The Gothic Element in the Novels of Charles Brockden Brown Page: 27
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His specific indebtedness to Godwin appears
ohiefly in a fondness for the oentral situation of
Caleb Williams. an innocent and somewhat helpless
youth in the grasp of a patron turned enemy. The
parallel is exact in Arthur Maryya. which brings a
young man of the same mm® to Philadelphia, aakea
hint blunder into the secret of a murder, and sub-
ject® him to elaborate persecutions from the murderer*
A surviving fragment of the lost Sky-walk shows that
Brown there varied the Godwin situation by making
the patron a woman. In Ormond. by still another
variation, a woman is the victim! Coastantia Dudley,
pursued by the enthusiast and revolutionary Ormond
until in self-defense she is obliged to kill him.
: But Brown*s victims do not have to undergo the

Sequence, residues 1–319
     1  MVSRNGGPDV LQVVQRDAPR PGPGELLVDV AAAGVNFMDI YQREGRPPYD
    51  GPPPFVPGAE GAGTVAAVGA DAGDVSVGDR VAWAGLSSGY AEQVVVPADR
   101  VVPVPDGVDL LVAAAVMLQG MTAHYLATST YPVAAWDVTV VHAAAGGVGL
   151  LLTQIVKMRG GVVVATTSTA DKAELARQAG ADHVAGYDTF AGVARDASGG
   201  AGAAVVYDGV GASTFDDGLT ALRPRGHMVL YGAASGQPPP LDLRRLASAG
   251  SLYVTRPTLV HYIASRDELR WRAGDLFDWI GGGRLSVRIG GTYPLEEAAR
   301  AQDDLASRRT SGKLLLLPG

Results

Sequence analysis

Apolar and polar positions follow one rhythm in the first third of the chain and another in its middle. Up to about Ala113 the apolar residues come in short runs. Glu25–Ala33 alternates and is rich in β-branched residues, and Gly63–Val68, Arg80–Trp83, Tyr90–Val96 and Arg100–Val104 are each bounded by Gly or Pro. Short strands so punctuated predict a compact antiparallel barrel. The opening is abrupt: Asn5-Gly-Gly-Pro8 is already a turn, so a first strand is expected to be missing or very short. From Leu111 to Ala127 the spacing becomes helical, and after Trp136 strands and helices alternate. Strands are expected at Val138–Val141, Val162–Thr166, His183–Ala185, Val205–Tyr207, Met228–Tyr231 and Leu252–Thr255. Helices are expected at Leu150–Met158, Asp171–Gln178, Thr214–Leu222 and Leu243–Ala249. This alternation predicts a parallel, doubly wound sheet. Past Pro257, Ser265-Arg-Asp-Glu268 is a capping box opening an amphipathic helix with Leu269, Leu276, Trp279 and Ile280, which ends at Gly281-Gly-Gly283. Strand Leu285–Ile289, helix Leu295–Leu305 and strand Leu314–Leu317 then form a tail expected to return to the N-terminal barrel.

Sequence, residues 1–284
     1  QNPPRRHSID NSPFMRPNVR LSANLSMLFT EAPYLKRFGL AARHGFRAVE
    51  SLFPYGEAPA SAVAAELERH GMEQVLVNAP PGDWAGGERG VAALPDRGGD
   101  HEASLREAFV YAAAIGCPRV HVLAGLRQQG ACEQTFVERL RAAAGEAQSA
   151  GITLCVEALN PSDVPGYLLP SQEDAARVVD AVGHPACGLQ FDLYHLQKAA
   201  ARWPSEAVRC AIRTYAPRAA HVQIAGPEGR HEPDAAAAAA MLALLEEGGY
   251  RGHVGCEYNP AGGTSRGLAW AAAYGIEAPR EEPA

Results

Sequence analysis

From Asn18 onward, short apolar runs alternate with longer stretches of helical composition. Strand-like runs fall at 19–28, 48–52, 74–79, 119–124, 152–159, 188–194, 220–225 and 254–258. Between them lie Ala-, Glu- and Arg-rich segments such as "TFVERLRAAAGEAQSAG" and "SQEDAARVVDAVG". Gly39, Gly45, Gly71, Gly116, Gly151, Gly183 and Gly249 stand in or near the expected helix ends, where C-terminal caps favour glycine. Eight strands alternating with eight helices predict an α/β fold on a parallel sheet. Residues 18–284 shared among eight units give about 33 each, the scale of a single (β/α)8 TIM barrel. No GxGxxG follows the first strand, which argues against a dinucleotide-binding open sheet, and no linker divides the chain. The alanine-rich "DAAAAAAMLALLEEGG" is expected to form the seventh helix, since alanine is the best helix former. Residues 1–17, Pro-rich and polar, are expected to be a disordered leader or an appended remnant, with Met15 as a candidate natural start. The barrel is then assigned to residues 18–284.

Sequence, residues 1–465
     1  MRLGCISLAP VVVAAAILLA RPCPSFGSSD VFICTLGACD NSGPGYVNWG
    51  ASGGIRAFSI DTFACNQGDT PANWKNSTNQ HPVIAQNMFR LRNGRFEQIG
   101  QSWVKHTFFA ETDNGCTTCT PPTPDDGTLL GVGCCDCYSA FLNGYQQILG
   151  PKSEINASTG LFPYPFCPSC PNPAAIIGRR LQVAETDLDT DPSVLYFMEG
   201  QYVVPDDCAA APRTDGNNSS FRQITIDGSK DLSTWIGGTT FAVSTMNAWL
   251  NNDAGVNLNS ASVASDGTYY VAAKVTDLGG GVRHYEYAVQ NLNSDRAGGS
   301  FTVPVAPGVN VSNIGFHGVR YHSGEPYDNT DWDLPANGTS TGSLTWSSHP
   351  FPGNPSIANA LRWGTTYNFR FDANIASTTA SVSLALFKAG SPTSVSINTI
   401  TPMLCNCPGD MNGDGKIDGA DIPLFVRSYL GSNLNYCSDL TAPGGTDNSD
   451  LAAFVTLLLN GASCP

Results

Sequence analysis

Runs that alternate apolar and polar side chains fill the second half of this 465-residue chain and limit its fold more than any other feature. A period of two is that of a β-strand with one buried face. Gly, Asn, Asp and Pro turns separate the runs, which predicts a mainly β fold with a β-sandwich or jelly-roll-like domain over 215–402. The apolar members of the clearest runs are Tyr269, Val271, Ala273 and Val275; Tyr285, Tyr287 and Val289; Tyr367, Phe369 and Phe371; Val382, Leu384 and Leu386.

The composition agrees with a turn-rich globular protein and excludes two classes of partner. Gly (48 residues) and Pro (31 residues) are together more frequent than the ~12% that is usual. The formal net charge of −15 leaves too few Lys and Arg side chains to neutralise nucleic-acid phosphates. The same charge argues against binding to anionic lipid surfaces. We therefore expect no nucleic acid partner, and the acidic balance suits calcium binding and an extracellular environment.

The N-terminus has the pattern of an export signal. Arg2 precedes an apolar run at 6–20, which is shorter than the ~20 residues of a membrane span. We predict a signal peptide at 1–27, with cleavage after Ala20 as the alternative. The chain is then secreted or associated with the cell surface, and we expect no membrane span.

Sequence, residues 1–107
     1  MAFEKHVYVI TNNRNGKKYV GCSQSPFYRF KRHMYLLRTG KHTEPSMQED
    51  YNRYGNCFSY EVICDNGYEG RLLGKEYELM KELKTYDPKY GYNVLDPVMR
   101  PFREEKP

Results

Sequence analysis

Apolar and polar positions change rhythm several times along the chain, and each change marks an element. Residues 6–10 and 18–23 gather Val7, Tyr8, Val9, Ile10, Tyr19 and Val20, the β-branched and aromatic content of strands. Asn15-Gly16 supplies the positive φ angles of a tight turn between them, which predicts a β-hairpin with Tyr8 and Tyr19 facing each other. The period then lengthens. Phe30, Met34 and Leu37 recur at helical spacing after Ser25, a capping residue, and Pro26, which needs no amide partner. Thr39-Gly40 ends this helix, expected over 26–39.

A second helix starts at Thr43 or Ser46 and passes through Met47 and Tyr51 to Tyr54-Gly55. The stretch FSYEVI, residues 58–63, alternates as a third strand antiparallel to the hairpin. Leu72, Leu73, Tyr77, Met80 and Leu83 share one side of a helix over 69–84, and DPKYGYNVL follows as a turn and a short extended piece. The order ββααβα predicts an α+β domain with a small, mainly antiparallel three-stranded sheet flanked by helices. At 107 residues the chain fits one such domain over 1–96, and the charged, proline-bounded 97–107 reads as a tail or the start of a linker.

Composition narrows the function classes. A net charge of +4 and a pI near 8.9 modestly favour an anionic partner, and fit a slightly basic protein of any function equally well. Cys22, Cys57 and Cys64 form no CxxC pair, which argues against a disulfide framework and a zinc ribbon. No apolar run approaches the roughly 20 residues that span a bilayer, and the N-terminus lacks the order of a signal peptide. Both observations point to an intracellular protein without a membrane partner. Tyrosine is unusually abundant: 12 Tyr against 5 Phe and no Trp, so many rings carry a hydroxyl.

cumulative agony of Godwin*s, for the reason that
Brown worked too violently to be able to organize a
scheme of circumstances all converging upon any single
victim# And more than his vehement methods of work
handicapped him in his rivalry with Godwins to be a
master of the art of calm and deliberate narrative,
he must have had Godwin*® cold and consistent
philosophy of life, which Brown had not*3 y
The structure of Ormond is in broad outline like Caleb
Williams, too, wherein one main character is treated in detail
before a second eaters the story at about the half-way mark*
The two parts of Arthur liervya form a work
much like Caleb Wllliaaa not only because the two
heroes possess a similar curiosity, but also
because the varied subject matter illustrates a
single idea. The incidents are uniformly within the
range of ordinary experience**
Brown held firmly to the GodwinAan axiom that wealth and
rank pervert the understanding# Wieland refused to claim a
large estate la Germany to which he was entitled, asking, "Was
it laudable to grasp at wealth and power even when they were
within our reach? Were not these the two great sources of
^Carl Van Doren, The American Novel, p. 11,
arry E. Warfel, Charles BrooMen Brown, p* 143*
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Cannon, Willie Jim. The Gothic Element in the Novels of Charles Brockden Brown, thesis, 1950; Denton, Texas. (digital.library.unt.edu/ark:/67531/metadc130235/m1/30/: accessed May 24, 2017), University of North Texas Libraries, Digital Library, digital.library.unt.edu; .